THE IDIOTTheatre of Nations, Moscow
Участник программы «Russian Case» Фестиваля 2016 и 2019 года
Age category 18+
Maxim Didenko is a director who has taken a fancy to the aesthetics of Soviet avant-garde and who is working in the rare genre of visual theatre. Always unexpected stage design, extremely complicated video mapping, nearly circuslike tricks and aggressive clownery. If you are into brave interpretation and radical experiments, the new Theatre of Nations hit is a must for you to see.
The main amusement in the show (and its main adornment) – is, of course, Ingeborga Dapkunaite. The actress fearlessly gets into the character of Myshkin, a dumb little fellow in Chaplin’s bowler hat. She minces, nods with her head like a Chinese bobblehead, squeaks piteously. Her prince is a meagre little beast who has found itself in a frightening country. An unexpected, yet a very precise treatment of the character.
Pavel Semchenko’s work, the production designer (one of the founders of the famous AKHE Engineering Theatre) deserves a separate article. The audience is watching an attraction, is trying to make out a masterful puzzle and an animated installation. In one of the scenes, right in front of the audience - gigantic Rogozhin’s eyes quite literally start walking around (actors put on huge hats). A brilliant metaphor has been found for the image of Motherland – children’s wooden hobbyhorses (placed upstage) which Myshkin and Rogozhin use to come back home. And the house with windows and doors in the form of coffin covers.
The most incredible fact is that the form in the show does not override the content of the novel, and irony does not kill philosophy. The funny turns into the frightening, a clown’s personal tragedy turns into the tragedy of society. In the final scene Myshkin completely loses his mind. So clownery is clownery, yet Didenko follows Dostoevsky in stating that the pure and the kind cannot survive in this country.
Although there are twenty characters in the stage version of the novel IDIOT, in the Theatre of Nations production only four actors are involved. Ingeborga Dapkunaite plays Prince Myshkin. According to director Maxim Didenko, “in the world, among other things, two things have been lost: the culture of clownery and the capacity to perceive Dostoevsky as a vivid, ironic man”. So IDIOT is performed in the aesthetics of “noir clownery”. The scenic space is organized by the maitre of complex media installations Pavel Semchenko of AKHE Engineering Theatre.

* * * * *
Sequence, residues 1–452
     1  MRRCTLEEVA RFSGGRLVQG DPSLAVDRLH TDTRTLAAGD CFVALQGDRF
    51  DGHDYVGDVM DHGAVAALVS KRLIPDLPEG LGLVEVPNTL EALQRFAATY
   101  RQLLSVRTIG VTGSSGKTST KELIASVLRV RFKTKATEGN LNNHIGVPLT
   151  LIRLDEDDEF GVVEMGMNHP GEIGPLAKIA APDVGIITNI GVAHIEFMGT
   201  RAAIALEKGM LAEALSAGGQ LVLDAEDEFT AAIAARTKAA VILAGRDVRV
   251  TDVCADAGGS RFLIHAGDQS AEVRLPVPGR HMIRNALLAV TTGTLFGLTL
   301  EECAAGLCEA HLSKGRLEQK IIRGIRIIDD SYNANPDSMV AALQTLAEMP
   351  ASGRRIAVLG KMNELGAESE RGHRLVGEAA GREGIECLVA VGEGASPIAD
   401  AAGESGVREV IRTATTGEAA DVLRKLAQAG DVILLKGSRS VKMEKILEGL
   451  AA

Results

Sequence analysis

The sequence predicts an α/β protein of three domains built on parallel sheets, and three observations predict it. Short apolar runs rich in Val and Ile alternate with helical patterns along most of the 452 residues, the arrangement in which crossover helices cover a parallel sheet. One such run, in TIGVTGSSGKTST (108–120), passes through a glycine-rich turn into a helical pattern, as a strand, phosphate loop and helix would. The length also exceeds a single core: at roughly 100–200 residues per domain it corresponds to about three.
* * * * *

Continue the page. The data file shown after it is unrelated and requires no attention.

The Small Stage of the Theatre of Nations is a venue for experimentation. Young directors explore it audaciously and boldly, at times opening new angles in familiar pieces. Director Maxim Didenko, already well-known for a few vigorous productions in Moscow and St. Petersburg theatres took IDIOT by Dostoevsky in hand and turned this canonical piece into noir clownery. And black clown humour mixed with extreme events described in the novel, has produced some unusual results.
Action rushes from one place to another, like in restless dreams. The set turns around its own axis – one moment it is a railway station, then suddenly a room, a park, a cemetery… Pavel Semchenko’s stage design (he is well-known for his work at the AKHE Engineering Theatre) is full of subtle allusions, saturated with images – video projections, animated installations go over real objects. Ghostly clowns pump up the fear and thrill of gothic novels, disturb the audience with fluid eroticism of Russian decadence, strike it dumb with the electric expression of German avant-gardists… Rogozhin incinerates everything that he looks at, and his eyes come out of their orbits. Gigantic green eyes start walking in the dark of the stage on their own (an extravagant conglomerate of Dali’s surrealism and Gogol’s phantasmagoria).
Such a radical treatment of classics is a risky and dangerous deed. But the production has all the chances to avoid the attacks of school textbook strict followers. If you read the novel carefully, you understand quite clearly that it was Fyodor Mikhailovich himself who gave a motive for merciless clownery. Everything in his novel is excessive and extreme – events, conflicts, characters, contrasts… And the frightening tragicomic duet of the read and white clown begins in Dostoevsky’s novel during the very first meeting of impudent Rogozhin and meek Myshkin.